Pharmaceutical packaging is highly regulated, not just because the materials come into direct contact with medications and protect them against contamination but also because the packaging must offer a clear indication of how the drugs are used. Medication packaging varies depending on the product, but they must all comply with state and federal regulations. Read on to find out about five types of compliant medication packaging and their primary uses to determine which will be the best fit for a particular pharmaceutical drug.
Bottles are one of the most common Medication Packaging Systems in North America. They can be used to hold tablets, capsules, and even liquids. Medication bottles designed to hold liquids are usually made out of glass, while those that hold solid units like tablets or capsules are made from plastic. Plastic prescription bottles come in a multitude of sizes and colors, the most common of which are light brown and orange. Both of these colors provide a higher level of ultraviolet light protection to prevent light damage to photosensitive medications without reducing visibility.
2. Blister Packs
Blister packs are used for solid unit doses. They're more common in Europe, but even in North America, around 20% of solid unit doses come in blister packs. This type of medication packaging is made from pre-formed plastic, foil, or paper and features cavities or pockets made of thermoformed plastic. They also have paperboard backings and lidded aluminum foil or plastic film seals that can be punctured to access the medications.
Ampoules are small vials used to package injectable liquid pharmaceuticals that are susceptible to contamination. Each ampoule is hermetically sealed to stop all airflow, usually by melting the top with an open flame. Healthcare providers can open the ampoules by snapping them off at the neck. Since the contents are typically susceptible to contamination, each ampoule contains just one dose. Ampoules were traditionally made out of glass, but plastic versions are now becoming more popular since they offer greater design flexibility and help to cut back on packaging costs.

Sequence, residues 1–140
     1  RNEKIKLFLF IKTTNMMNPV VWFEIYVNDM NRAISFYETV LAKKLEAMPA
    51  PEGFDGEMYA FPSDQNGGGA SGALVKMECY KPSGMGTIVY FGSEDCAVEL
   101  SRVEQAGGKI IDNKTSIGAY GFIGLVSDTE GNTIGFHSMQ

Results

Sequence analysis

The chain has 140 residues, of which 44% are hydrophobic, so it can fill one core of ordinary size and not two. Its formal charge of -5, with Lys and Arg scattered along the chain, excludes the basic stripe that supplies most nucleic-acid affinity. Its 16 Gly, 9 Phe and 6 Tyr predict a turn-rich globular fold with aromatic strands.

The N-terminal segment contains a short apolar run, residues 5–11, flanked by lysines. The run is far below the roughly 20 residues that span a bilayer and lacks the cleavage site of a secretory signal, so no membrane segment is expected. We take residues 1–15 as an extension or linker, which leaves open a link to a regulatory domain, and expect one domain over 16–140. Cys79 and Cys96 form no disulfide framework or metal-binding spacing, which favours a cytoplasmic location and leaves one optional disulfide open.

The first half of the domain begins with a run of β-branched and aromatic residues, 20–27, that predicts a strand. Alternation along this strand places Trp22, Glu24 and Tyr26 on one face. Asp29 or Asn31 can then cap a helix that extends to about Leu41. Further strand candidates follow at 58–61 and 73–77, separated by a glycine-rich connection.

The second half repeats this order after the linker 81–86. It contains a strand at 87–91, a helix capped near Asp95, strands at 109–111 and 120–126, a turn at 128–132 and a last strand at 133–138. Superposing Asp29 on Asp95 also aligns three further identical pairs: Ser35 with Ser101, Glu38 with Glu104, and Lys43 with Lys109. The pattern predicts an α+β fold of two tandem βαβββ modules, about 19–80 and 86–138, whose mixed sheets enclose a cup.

Vials can be made from either glass or plastic, and they're one of the more versatile forms of medication packaging. They can hold solids, liquids, or powders. Vials are larger than ampoules and are designed to hold multiple doses. Glass vials can be closed with screw caps, plastic stoppers, corks, or a rubber stopper with a metal cap. Plastic vials usually feature hinge caps that snap closed when pressed. Some people confuse vials with test tubes, but there's at least one key difference. The bottoms of vials are flat, while those of test tubes are rounded.
Sachets are sealed pouches usually made from plastic. They can be square or rectangular in shape and are usually used to hold powdered medications, though they can also be used to hold liquids. Single-use sachets are designed with perforations that make them easy to open by hand. Resealable versions are also available.
All of the packaging systems described above can be used to hold pharmaceutical drugs. To be in compliance with federal guidelines, each of them must also be affixed with a compliant label. These days, most pharmacies package medications on-site using automated systems to avoid human error and save the pharmacy personnel time.